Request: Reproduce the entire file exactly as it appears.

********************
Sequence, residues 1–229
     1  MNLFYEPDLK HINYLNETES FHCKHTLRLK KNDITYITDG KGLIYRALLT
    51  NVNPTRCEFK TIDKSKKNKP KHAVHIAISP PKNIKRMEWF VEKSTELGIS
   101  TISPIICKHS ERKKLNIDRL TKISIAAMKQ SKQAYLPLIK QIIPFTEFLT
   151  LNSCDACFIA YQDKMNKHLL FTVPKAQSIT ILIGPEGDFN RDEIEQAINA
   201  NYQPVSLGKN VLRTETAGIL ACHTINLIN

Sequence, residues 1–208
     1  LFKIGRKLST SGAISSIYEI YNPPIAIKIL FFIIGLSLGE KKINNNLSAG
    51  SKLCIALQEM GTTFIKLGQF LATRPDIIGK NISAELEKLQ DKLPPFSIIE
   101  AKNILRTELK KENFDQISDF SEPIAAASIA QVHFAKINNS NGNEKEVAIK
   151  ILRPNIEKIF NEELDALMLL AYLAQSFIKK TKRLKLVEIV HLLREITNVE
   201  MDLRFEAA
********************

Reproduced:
Sequence, residues 1–229
     1  MNLFYEPDLK HINYLNETES FHCKHTLRLK KNDITYITDG KGLIYRALLT
    51  NVNPTRCEFK TIDKSKKNKP KHAVHIAISP PKNIKRMEWF VEKSTELGIS
   101  TISPIICKHS ERKKLNIDRL TKISIAAMKQ SKQAYLPLIK QIIPFTEFLT
   151  LNSCDACFIA YQDKMNKHLL FTVPKAQSIT ILIGPEGDFN RDEIEQAINA
   201  NYQPVSLGKN VLRTETAGIL ACHTINLIN

Sequence, residues 1–208
     1  LFKIGRKLST SGAISSIYEI YNPPIAIKIL FFIIGLSLGE KKINNNLSAG
    51  SKLCIALQEM GTTFIKLGQF LATRPDIIGK NISAELEKLQ DKLPPFSIIE
   101  AKNILRTELK KENFDQISDF SEPIAAASIA QVHFAKINNS NGNEKEVAIK
   151  ILRPNIEKIF NEELDALMLL AYLAQSFIKK TKRLKLVEIV HLLREITNVE
   201  MDLRFEAA